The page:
Vocabulary Of The Week #1 - By Felicia
I got all this information from vocabulary.com. If you want to learn more, check the site out!
To sully is to attack someone's good name and to try to ruin his reputation. If you spread false rumors that Dream cheated in his 1.16 world record speedrun, you would sully Dream’s good reputation.
Your scruples are what keep you from doing things you consider to be morally or ethically wrong. Your scruples won't allow you to cheat on a test, or steal from your brother's Halloween candy stash.
When a person is unctuous, you can't trust their kindness, because they usually want something in return.
French roots for the word exhort mean "thoroughly encourage," so to exhort is to fill up with encouragement! "When he heard the crowd exhort him with stomping and cheers, he knew that he could finish the marathon."
Who doesn’t love the nice things that money can buy? But if all you care about is the stuff you have and the stuff you want to buy, you are materialistic.
A glen is a narrow valley deep in the mountains. Glens often form streams. The top of a mountain is the peak, and the lower parts are valleys. A glen is a valley that's narrow and secluded—it’s deep in the mountains.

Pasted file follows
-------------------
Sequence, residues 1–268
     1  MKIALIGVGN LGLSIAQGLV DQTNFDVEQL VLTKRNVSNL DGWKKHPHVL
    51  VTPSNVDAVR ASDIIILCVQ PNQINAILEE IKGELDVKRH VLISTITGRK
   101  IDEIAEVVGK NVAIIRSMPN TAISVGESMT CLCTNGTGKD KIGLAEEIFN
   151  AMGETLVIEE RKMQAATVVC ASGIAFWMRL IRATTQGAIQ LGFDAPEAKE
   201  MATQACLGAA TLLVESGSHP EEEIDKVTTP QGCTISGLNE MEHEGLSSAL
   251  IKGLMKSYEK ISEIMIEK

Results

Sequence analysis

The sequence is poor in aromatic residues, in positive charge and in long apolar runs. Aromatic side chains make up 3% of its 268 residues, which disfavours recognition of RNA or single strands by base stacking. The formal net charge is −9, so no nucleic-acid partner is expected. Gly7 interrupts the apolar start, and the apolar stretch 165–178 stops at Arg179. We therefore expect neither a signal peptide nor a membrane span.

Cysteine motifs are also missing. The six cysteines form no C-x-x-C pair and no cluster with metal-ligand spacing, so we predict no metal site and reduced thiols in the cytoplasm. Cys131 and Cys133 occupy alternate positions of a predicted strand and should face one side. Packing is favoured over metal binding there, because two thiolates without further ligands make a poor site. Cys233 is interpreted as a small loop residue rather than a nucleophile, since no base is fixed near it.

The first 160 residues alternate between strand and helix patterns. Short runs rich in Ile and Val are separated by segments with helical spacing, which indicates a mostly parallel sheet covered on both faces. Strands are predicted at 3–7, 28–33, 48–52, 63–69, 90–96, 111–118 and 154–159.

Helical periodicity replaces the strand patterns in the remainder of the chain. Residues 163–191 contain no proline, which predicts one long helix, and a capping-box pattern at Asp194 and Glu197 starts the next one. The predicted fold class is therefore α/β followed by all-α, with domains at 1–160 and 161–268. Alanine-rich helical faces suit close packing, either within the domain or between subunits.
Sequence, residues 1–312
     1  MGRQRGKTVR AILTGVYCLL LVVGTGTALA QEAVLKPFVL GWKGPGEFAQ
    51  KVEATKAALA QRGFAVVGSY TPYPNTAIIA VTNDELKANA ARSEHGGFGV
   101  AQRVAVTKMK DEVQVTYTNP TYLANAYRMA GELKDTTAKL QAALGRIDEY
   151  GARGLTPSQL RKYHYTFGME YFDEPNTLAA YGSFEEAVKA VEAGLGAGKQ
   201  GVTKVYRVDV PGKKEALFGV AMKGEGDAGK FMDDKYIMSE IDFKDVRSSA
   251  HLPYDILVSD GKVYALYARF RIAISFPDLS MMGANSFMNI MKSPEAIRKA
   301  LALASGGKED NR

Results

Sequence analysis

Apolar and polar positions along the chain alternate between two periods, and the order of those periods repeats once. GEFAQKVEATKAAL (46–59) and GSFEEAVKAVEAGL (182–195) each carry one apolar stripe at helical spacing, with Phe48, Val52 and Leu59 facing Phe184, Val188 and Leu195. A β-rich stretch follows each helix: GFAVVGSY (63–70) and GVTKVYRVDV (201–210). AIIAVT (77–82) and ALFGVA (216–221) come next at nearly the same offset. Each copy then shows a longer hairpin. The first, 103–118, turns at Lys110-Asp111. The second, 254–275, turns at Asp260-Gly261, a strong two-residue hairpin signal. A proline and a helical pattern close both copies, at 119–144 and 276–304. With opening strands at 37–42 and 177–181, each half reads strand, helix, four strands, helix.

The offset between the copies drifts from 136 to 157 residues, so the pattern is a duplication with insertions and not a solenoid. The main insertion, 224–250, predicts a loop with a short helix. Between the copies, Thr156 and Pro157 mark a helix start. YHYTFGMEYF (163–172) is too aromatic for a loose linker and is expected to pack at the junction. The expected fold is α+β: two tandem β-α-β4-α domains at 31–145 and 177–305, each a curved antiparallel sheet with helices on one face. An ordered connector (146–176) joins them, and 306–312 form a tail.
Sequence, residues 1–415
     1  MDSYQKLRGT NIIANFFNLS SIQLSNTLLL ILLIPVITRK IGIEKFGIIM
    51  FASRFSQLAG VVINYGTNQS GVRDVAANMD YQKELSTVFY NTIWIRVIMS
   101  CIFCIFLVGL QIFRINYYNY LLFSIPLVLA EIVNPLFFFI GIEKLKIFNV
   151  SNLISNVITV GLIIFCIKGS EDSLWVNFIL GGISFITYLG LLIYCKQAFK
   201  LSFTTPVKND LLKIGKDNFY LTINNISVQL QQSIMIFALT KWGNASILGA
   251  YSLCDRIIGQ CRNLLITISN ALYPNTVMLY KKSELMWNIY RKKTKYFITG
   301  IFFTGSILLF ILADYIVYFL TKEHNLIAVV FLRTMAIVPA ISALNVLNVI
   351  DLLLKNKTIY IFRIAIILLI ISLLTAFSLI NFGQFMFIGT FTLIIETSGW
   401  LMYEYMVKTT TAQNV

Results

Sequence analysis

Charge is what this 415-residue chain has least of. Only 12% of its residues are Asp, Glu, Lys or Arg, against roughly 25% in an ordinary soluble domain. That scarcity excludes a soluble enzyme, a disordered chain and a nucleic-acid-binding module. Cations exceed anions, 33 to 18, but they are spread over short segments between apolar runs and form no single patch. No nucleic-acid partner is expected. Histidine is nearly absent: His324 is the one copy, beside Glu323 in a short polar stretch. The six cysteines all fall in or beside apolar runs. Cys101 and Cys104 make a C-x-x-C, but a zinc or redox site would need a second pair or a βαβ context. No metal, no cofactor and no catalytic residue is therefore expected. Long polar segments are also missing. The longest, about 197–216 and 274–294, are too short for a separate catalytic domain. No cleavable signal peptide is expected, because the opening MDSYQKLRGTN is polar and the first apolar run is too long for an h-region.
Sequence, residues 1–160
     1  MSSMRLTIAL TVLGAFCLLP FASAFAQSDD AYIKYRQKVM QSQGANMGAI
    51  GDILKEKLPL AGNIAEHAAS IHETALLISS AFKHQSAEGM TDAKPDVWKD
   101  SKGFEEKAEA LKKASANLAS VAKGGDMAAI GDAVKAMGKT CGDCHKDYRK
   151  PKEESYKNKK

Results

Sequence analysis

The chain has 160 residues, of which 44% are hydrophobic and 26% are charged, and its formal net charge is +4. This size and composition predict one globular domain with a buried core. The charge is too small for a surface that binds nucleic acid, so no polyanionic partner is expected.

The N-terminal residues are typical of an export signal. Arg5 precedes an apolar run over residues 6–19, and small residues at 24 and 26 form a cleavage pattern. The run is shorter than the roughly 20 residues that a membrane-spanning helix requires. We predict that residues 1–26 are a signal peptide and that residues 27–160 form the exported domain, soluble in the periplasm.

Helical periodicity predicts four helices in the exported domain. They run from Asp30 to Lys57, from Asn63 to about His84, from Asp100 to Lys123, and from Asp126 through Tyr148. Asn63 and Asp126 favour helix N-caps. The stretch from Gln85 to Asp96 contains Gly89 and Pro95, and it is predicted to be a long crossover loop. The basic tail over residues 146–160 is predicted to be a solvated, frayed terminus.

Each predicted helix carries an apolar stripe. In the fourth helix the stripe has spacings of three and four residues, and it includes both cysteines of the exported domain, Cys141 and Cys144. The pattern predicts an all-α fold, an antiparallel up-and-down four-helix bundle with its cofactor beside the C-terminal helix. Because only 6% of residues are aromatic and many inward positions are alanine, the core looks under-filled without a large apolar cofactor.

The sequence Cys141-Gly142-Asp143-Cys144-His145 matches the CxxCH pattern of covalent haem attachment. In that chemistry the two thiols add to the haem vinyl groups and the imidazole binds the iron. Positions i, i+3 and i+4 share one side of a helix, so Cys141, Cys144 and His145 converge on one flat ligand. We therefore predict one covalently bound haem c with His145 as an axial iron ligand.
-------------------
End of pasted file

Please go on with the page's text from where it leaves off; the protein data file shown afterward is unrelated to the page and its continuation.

A treatise is a formal written paper about a specific subject. It’s like an essay but longer. A treatise is usually about a serious subject, so you might read a treatise on democracy, but you probably won't read a treatise about chewing gum.
When you put in a lot of overtime hours at your job, you assume you'll be duly paid. Duly means "properly" or "appropriately."
A bout is a period of time in which something intense happens, like fighting, binging, or being sick, and comes from the word for bending, or going round in a circle.
One item of information, one fact, one statistic, is on its own a datum, the singular form of the more commonly used "data." If you can't find one single datum to support your theory, it's time for another theory.